Optimizing API routes with Edge middleware caching

Show how to cache API responses at the edge using middleware to speed up subsequent requests.
// Middleware that can be applied to an API route in a Node.js server

const cacheMiddleware = (req, res, next) => {
  // Check if we have a cached response in our in-memory cache
  const key = req.originalUrl;
  if (cache[key]) {
    // If a cached response exists, send it immediately
    return res.status(200).json(cache[key]);
  // Proceed with the next middleware or route handler if not cached
This middleware function checks for cached responses in an in-memory cache object, using the request URL as the key. If a response is found, it is sent to the client, otherwise the request proceeds to the next middleware or route handler.
// Function to cache the response of an API call

const cacheResponse = (key, data, ttl) => {
  // Store the data with a timestamp
  const expire = + ttl;
  cache[key] = { data, expire };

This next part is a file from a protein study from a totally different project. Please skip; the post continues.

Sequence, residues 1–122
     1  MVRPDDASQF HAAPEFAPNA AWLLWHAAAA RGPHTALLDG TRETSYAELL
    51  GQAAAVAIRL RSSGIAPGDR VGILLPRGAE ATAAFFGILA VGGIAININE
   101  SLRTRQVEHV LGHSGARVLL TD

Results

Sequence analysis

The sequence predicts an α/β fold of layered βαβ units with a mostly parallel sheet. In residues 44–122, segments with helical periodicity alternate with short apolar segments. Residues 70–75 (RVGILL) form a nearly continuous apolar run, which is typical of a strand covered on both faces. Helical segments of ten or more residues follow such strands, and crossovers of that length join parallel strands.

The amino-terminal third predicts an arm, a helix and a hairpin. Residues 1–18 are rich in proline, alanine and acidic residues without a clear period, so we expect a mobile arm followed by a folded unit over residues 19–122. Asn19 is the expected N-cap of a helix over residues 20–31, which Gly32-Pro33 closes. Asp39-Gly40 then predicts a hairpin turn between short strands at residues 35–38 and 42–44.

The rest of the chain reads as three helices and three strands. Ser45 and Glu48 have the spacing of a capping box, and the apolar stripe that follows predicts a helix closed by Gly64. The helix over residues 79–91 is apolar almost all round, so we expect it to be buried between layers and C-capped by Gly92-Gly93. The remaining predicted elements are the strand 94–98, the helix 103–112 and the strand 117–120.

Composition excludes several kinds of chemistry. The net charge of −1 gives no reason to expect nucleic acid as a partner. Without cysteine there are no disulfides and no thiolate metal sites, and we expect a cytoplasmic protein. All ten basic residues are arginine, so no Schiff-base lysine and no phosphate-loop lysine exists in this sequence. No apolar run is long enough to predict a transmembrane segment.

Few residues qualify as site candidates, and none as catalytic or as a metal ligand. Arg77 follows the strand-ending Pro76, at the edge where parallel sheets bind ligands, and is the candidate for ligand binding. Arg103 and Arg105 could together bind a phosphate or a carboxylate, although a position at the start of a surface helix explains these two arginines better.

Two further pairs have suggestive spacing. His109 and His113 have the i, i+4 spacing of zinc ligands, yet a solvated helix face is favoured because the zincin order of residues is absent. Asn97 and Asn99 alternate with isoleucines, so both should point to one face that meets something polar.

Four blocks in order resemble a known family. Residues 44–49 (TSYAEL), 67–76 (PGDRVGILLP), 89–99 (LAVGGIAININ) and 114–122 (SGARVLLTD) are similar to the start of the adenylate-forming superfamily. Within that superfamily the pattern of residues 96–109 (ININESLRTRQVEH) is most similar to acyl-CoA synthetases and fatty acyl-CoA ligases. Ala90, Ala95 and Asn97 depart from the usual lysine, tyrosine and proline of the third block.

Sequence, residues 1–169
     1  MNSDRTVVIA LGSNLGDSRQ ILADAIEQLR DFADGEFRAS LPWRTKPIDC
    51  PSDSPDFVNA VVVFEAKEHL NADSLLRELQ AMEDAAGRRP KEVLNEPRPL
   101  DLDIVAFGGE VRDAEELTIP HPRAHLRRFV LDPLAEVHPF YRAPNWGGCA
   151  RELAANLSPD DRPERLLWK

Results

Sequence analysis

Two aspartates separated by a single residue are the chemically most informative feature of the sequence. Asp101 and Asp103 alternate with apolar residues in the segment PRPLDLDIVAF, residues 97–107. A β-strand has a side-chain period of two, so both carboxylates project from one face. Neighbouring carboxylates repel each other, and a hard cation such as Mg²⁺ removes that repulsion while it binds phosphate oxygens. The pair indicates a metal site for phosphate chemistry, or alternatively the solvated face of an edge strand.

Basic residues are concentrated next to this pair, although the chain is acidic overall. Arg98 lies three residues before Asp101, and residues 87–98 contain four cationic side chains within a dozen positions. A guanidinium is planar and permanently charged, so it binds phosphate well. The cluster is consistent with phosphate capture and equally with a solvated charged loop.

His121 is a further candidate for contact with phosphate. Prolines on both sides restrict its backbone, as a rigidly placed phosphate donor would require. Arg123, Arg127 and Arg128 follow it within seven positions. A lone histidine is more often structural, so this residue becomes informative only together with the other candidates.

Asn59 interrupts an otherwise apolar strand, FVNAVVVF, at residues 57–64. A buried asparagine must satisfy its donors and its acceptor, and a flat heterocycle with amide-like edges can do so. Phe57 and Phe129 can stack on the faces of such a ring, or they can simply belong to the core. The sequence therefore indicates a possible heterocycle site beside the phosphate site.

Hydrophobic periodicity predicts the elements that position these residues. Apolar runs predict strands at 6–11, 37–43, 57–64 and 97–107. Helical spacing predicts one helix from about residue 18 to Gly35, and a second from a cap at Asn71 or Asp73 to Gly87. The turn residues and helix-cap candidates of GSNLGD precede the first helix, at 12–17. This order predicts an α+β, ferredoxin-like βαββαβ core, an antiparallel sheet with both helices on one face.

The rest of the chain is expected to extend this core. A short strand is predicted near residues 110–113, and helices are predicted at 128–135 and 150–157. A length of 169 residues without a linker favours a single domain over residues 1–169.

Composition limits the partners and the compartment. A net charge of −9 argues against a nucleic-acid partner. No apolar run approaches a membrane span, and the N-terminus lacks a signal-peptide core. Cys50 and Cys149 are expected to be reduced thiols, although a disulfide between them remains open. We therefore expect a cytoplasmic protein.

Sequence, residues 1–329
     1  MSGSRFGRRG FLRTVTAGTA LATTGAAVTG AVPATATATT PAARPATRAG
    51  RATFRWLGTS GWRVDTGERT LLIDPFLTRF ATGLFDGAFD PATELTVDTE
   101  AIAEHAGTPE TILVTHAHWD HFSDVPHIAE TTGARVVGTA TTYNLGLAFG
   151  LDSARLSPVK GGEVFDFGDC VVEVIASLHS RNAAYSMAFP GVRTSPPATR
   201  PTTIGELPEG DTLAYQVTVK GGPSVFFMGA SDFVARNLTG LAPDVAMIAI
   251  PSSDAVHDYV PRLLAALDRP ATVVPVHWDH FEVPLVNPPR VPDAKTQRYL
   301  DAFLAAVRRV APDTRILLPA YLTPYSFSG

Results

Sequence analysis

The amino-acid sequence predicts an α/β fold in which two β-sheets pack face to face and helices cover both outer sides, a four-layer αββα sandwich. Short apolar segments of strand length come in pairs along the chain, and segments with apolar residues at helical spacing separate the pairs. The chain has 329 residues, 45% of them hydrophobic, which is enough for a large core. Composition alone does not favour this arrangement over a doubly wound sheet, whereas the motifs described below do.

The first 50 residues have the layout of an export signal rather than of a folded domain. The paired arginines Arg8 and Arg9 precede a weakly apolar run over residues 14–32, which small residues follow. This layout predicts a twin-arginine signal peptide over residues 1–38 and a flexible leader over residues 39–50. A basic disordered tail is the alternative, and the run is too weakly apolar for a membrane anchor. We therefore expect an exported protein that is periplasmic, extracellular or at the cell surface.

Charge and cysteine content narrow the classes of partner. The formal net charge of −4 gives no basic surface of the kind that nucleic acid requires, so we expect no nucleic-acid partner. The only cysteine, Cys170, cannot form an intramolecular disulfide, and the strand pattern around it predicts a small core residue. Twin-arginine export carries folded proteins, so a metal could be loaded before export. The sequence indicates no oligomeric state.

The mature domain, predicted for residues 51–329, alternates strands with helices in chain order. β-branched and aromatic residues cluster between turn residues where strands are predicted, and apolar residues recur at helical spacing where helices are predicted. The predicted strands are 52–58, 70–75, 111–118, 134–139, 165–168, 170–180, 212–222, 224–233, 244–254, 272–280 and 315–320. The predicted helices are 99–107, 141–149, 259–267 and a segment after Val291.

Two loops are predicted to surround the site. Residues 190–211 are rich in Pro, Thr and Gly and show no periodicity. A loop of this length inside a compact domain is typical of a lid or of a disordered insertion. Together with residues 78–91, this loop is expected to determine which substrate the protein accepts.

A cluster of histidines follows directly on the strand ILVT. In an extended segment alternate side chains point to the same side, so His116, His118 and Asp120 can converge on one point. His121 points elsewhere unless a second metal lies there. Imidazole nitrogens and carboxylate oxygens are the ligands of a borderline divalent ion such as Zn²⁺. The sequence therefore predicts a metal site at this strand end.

// Set a timeout to delete the cached data after the TTL expires
  setTimeout(() => {
    delete cache[key];
  }, ttl);
This function adds the given data to the cache with a specific time-to-live (TTL). It also sets a timeout to automatically remove the data from the cache when the TTL expires.
// Using middleware and caching in an API route

// An example route where we apply caching
app.get('/api/data', cacheMiddleware, async (req, res) => {
  try {
    // Fetch data from the database or external API
    const data = await fetchData();
    // Cache the response using a TTL of 1 hour
    cacheResponse(req.originalUrl, data, 60 * 60 * 1000);
    // Send the newly fetched data to the client
  } catch (error) {
    res.status(500).json({ message: 'Internal Server Error' });
This example API route uses the cacheMiddleware to serve cached responses. If no cache is available, it fetches data from a database or external service, caches it, and then sends the response to the client.
// In-memory cache object

const cache = {};

// Make sure to use proper invalidation & update strategies as needed for your use case
An example of a simple in-memory cache object. Remember that for production use, you should implement proper invalidation, update strategies, and potentially use a more robust caching solution.